Taking ‘steps’ for kids in need

By Dedra Cordle
Staff Writer

Messenger photo by Dedra Cordle
The superheroes in Rhonda Rose’s fourth grade class at Darby Woods Elementary School show off the high powered fitness bands that help them fight childhood malnourishment throughout the world.

The fourth grade students in Rhonda Rose’s classroom at Darby Woods Elementary School are fighting childhood malnourishment one step at a time.

Their very important mission began two months ago when they received a package from the United Nations Children’s Fund which detailed alarming statistics about children across the world suffering from severe malnourishment. To combat this devastating issue, they challenged the students to take part in a global effort to fight this preventable problem by wearing special bands to track their activity levels.

For each step they took, the memo explained, they would accumulate Kid Power Points. If they reached a certain amount of points, it would ‘unlock’ a Ready-to-Use Therapeutic Food Packet (RUTF) and feed a child in need.

Olivia Wolever said they took this mission seriously from the start.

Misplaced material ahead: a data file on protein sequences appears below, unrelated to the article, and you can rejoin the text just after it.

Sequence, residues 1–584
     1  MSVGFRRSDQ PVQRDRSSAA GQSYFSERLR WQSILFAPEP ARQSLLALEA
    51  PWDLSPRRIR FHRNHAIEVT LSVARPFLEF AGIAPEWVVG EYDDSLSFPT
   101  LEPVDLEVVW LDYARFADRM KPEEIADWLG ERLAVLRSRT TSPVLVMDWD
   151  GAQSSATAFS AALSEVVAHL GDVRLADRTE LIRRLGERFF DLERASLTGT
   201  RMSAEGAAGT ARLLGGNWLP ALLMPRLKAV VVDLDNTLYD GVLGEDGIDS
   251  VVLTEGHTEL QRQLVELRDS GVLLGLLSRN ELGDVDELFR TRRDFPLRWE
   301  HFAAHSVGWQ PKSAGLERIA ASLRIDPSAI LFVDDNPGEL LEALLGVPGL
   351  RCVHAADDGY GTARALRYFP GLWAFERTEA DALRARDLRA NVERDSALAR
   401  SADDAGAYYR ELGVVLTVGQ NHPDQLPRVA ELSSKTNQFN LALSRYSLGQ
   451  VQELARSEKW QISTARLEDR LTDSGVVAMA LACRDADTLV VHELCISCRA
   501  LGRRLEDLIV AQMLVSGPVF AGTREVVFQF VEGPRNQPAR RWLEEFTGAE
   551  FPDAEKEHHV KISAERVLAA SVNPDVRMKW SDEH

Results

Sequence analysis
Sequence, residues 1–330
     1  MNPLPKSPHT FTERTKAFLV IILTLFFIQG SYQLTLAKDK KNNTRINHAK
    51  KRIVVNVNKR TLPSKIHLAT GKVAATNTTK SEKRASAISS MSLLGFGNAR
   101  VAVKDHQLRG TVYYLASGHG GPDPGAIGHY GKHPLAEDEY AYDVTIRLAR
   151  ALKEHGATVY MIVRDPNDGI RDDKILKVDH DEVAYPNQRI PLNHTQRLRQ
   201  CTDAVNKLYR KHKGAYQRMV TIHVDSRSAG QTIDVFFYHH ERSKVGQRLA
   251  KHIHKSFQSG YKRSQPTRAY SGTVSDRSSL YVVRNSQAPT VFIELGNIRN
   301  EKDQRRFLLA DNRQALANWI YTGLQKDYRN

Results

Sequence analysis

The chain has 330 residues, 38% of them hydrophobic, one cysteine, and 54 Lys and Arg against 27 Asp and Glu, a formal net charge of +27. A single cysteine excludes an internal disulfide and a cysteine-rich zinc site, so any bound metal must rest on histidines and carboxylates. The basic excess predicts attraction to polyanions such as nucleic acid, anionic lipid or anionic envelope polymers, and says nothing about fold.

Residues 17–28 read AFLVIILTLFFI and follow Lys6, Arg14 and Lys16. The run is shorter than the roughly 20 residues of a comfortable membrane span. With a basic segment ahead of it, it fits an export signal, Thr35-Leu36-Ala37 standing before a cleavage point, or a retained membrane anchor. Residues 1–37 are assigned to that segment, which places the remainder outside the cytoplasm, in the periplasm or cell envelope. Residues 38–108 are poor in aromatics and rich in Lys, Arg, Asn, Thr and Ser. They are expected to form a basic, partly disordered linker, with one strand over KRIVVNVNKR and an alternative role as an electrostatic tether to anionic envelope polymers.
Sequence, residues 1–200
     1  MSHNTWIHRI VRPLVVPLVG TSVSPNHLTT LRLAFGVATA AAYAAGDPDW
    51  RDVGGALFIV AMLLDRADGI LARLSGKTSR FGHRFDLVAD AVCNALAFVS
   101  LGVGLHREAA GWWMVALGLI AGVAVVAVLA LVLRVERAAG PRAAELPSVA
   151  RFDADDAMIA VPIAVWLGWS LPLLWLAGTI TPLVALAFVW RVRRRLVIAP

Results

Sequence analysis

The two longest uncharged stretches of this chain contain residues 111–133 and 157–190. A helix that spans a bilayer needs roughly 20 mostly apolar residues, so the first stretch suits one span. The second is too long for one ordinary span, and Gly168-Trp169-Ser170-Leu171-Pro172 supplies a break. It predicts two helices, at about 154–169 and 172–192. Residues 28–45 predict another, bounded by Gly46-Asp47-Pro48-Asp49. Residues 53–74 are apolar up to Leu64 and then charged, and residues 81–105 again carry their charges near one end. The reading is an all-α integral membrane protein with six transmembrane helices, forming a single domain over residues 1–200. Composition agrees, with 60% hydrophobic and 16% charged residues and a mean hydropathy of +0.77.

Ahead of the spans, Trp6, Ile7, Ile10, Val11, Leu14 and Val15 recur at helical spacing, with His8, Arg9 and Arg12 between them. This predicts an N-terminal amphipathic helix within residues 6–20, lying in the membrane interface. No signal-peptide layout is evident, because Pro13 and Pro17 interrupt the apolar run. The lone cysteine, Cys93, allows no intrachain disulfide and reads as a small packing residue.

“We wanted to make the kids get back to health,” she said.

Their teacher had no doubt about their commitment to the overall goal of feeding children. She did, however, have some doubts as to whether they could stay interested in the fitness tracking aspect of the UNICEF program.

“I wasn’t sure, honestly, if they could maintain their interest (in the bands) past the first week,” said Rose “but they surprised me.”

Tracking their steps became a point of pride amongst the class. That feeling never wavered as the program entered its second month. In fact, it is competitive to this day.

“Oh, that’s a good number Reyna,” said one student as Reyna Palmer’s daily step average of 13,000 flashed on the board. “I’ll have to walk more now.”

The students in the class said that even though the step average comparisons can get competitive at times, they never stopped supporting each other and they never lost sight of their mission.

“We have to help sick kids get better,” said Hayden Hudson.

To date, these superheroes have helped unlock nearly 600 RUTF packets to give to severely malnourished children across the world. They all said they plan to continue their mission even
as summer vacation approaches.

“This will be my fourth year going to summer camp and now all I can think about is how I could have saved multiple kids if I had this with me,” said Palmer, nodding to her fitness band. “But I’m going to use it over the summer and in camp and help save a lot more kids.”

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